! Municipalities that have elected to become public sector employees:
Tennessee Code Annotated, § 50-3-911 provides that: “No action shall be taken with reference to an employers which is a local government, other than the performance of inspections under §§ 50-3-301–50-3-306 performed for the purpose of determining the effectiveness of programs developed and registered by such employers under § 50-3-901, unless such local government has elected to be treated as a private employer.”
Municipalities that have elected to be treated as public sector employers are subject to being further cited for “failure to abate,” and to being reported to the governor and to the General Assembly. However, where the violation in question creates an imminent danger to employees, and the employer does not take immediate action to abate the danger, the commissioner can seek “compulsory process” under Tennessee Code Annotated, § 50-3-918. That statute authorizes the commissioner of labor “to issue an emergency stop order requiring the immediate alleviation of the condition.”
It is a Class C Misdemeanor:
For any person, without proper authorization, to give advance notice of an inspection under TOSHA. [Tennessee Code Annotated, § 50-3-501]
For any person to knowingly make a false statement, representation or certification in any application, record, report or other document filed or required to be filed or maintained under TOSHA. [Tennessee Code Annotated, § 50-3-502]
It is a Class A Misdemeanor for any employer to willfully violate any standard adopted by the commissioner when the violation causes the death of any employee. [Tennessee Code Annotated, § 50-3-503]
The Attorneys general in the various districts have the duty to assist the commissioner of labor upon his request to prosecute persons alleged to be subject to the above criminal penalties, and discrimination against employees who file complaints of TOSHA violations. [Tennessee Code Annotated, §50-3-905]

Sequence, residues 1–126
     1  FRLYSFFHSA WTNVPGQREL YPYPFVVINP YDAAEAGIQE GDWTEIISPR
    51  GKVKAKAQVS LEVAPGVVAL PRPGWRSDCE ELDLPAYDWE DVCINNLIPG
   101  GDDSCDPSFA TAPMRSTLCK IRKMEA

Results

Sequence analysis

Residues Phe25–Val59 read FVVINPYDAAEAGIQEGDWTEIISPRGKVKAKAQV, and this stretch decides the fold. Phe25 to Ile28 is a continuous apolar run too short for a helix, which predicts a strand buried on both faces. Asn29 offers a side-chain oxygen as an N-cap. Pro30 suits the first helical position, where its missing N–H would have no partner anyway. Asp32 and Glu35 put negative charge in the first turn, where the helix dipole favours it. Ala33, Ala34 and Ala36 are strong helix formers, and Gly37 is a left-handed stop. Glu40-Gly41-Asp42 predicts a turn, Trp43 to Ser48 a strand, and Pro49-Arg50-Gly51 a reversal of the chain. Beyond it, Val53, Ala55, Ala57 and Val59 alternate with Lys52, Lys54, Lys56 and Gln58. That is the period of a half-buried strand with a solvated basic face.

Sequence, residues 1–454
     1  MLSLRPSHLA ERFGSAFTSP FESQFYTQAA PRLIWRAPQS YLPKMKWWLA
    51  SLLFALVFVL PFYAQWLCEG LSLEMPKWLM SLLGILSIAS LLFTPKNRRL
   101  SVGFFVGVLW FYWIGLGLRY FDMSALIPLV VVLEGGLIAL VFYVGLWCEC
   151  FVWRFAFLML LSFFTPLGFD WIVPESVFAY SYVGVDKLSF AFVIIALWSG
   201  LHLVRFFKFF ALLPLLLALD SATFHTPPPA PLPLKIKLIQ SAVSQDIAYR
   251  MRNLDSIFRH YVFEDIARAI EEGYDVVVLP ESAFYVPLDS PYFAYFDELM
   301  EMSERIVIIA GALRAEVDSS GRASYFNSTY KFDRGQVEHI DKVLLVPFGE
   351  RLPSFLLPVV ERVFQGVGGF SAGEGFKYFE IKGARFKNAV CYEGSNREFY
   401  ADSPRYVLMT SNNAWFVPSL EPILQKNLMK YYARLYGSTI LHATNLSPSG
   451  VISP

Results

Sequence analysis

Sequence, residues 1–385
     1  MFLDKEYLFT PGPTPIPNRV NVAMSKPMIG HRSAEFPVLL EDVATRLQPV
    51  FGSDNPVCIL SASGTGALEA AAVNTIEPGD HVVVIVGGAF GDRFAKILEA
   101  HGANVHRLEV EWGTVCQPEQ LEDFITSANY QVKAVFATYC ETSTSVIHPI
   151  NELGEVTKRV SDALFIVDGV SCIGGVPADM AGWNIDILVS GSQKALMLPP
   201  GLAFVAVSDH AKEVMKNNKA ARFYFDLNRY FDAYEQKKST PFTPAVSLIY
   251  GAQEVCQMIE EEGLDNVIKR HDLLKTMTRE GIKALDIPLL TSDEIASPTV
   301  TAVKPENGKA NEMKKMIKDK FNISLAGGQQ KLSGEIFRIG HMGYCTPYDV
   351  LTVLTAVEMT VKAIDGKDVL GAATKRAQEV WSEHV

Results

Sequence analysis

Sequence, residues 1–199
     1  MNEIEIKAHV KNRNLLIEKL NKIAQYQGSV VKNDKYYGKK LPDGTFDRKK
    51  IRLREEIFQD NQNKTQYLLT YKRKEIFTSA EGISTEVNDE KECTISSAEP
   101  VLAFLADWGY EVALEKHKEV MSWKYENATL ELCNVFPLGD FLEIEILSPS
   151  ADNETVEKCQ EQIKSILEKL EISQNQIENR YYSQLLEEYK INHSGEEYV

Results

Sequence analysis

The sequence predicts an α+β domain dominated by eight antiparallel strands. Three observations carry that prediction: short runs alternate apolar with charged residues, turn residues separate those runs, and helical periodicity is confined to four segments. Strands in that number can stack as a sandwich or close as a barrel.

Case law on liability under TOSHA
Ellis v. Chase Communications, Inc., 63 F.3d 693, 1995 Fed.App. 263 (6th Cir. 1995).
Chase Communications owned a tower in Shelby County, Tennessee. Chase contracted with Nationwide Tower Company to clean and paint the tower. Nationwide subcontracted the job to Charles Raines. The contract between Nationwide and Raines provided that Raines would furnish all labor, materials and equipment, and supervision, and that the work would be performed in accordance with applicable OSHA rules and regulations. Ellis, an employee of Raines, fell 985 feet to his death while working on the tower. Ellis’ survivors sued Chase, alleging, among other things, that (1) Chase owed Ellis a nondelegable duty to protect him against harm caused by inherently dangerous work, and (2) Chase failed to comply with Tennessee’s OSHA (TOSHA) standards. With respect to (1), the employer owed no such duty to the employees of an independent contractor (citing Johnson v. EMPE, Inc., 837 S.W.2d 62 (Tenn. Ct. App. 1992). With respect to (2), the question, the Court said, is whether Chase was an employer within the meaning of the duty of employers to protect their workers under OSHA standards. No, answered the court, reasoning that independent contractors did not fit in that class. It also pointed out that even if an OSHA violation was evidence of Chase’s negligence, or conclusive evidence, in the case of negligence per se, “Chase must owe a duty to Ellis under a theory of liability independent of OSHA, as OSHA does not create a private right of action. OSHA regulations can never provide a basis for liability.”
Dempsey v. Correct Manufacturing Corp, 755 S.W.2d 798 (Tenn.. App. 1988).